Gear Review #2 – Eriksen titanium seatpost

Gear Review #2 – Titanium “sweetpost” by Kent Eriksen Cycles

Since purchasing my aluminum frame Salsa Mukluk, I’ve been very happy with the ride overall, but have always felt like I can’t push my seat far enough back, and the ride can be a bit jarring over distance.  A new seat (Fizik Aliante VS) helped immensely with making the ride more comfortable, but I was still looking for more.

Photo credit: RideFatbikes.com

Then I found the Eriksen “sweetpost” a beautifully hand designed and welded titanium seatpost by renowned bike builder Kent Eriksen Cycles.  After reading a few other reviews, I decided the sweetpost was so well received that it was worth spending some money to try it for myself – perhaps it would improve the ride characteristics of my fatbike.  If not, at least it would be light, high quality, and would serve the function of holding the seat with a very well designed and easy to adjust clamp.

Photo credit: RideFatbikes.com

As it turns out, the titanium Eriksen seatpost offers several positive attributes. 

First, it looks amazing.  While that alone doesn’t improve the ride, let’s face it, people who buy nice bikes like to have nice bike parts.  As soon as you look at the welds, the finish, and the design of teh seatpost clamp, it’s obvious Eriksen seatposts are miles ahead of many, and take a back seat to none.  After reading articles and reviews that rave about the Eriksen seatpost, I thought it might be worth buying one for myself.

How about the ride?  The aesthetic value alone won’t justify the price of a $200+ seatpost for most riders, so what’s the ride like?  I’ve only ridden bikes with steel or aluminum seatposts, so my point of reference are seatposts that do nothing more than hold the seat.  They offer little to no value in smoothing the ride or soaking up vibration.  Titanium is known for more flex and for absorbing some of the vibration and minor shocks that can otherwise be irritating and wearing, over the course of a distance ride, particularly on a bike that has no suspension (other than the balloon tires of a fatbike).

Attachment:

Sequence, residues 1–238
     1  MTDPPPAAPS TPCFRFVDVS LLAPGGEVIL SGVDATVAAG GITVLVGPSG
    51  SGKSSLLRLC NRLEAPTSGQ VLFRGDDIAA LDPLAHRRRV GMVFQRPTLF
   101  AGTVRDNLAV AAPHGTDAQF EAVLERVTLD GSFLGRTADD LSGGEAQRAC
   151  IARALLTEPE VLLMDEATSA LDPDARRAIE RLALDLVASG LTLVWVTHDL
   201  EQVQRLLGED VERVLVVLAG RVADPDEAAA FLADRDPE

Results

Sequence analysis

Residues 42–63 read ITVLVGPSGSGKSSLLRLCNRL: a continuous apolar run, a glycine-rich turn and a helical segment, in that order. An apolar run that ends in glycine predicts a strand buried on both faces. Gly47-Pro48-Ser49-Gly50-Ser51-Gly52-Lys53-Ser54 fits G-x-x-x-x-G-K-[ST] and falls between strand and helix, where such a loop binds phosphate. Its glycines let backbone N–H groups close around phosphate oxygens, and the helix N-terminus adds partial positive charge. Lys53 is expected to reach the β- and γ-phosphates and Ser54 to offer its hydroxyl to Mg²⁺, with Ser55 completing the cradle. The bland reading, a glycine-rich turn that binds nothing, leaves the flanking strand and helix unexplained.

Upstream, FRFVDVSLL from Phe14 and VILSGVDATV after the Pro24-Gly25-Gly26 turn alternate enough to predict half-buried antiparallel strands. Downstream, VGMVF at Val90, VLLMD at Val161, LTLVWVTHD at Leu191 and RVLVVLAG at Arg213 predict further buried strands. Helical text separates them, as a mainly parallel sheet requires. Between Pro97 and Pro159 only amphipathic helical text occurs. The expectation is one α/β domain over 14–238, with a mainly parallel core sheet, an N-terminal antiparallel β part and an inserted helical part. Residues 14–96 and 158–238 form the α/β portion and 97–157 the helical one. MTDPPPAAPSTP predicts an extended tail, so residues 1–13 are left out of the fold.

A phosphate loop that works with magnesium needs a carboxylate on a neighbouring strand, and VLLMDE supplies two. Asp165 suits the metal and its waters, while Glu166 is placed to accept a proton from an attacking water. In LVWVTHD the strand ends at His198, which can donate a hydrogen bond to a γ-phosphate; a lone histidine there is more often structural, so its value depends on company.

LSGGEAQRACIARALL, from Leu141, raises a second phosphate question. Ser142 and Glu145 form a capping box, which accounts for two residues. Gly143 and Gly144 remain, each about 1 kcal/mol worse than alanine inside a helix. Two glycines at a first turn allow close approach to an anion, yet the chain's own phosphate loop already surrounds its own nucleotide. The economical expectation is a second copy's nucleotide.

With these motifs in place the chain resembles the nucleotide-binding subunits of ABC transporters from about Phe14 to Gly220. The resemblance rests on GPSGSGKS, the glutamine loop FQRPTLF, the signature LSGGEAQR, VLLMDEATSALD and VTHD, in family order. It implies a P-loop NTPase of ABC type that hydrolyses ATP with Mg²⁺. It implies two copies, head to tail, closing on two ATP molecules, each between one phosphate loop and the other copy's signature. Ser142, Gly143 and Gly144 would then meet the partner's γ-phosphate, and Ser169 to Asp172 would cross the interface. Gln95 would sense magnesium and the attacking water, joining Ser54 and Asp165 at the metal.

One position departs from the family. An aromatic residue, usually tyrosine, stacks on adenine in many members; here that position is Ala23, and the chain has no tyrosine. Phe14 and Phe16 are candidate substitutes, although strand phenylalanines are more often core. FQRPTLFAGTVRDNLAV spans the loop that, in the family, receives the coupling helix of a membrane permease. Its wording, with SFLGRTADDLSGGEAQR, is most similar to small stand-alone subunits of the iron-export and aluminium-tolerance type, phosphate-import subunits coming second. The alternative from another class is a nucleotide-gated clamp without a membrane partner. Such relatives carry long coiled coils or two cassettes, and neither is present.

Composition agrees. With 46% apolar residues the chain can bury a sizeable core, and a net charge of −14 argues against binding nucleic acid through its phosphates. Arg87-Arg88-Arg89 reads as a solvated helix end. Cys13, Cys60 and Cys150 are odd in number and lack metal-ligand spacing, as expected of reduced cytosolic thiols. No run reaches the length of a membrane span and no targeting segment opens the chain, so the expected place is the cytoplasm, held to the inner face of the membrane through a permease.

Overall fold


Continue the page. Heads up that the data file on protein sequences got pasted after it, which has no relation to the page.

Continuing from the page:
Photo credit: RideFatbikes.com

I had my first ride on the Mukluk with the Eriksen sweetpost this weekend, over the new year’s holiday.  In short, it’s amazing.  It’s evident build quality and good looks are mirrored by its excellent ride.  While not earth-shatteringly different, I felt the ride characteristics to be sufficiently different to improve my ride.

Over a 13 mile trail ride on bumpy terrain, I felt less fatigued, and felt like the aluminum frame of my fatbike was transmitting less shock and “buzz” through the seat.  Since the seatpost can be had in straight or layback variants, you can select a seatpost that suits where you want to be positioned over the bike.  I chose a layback post, which helps keep me farther back over the rear wheel, exactly where I want to be on a fatbike.  Overall, that makes for a better ride.

Last, but not least, the seatpost clamp is the simplest, easiest to adjust, and most secure of any I’ve used.  While I’ve always liked my aluminum Thomsen seatpost due to a nice and notoriously strong/secure clamp, the Eriksen (thus far) proves equally secure and is definitely easier to adjust (one bolt only to install the seat, adjust fore/aft and adjust tilt).

With the Eriksen titanium seatpost, you can select length, straight vs. layback position, and clamp color (anodized aluminum caps come in black, blue, red, green and more options).  They are truly custom, and the fact that they are handbuilt in the good ole US of A is worth a few extra bucks.  Prices (which are detailed at their site here) vary from about $200-250 depending on length, layback, etc.

Photo credit: RideFatbikes.com

Check out Kent Eriksen Cycles and consider a titanium “sweetpost” for yourself.

Please be sure to visit the Kent Eriksen Cycles site.  Perhaps you’ll even want to buy a bike from them.  If not, I’d suggest you at least consider one of their titanium seatposts  as an upgrade to your current gear.

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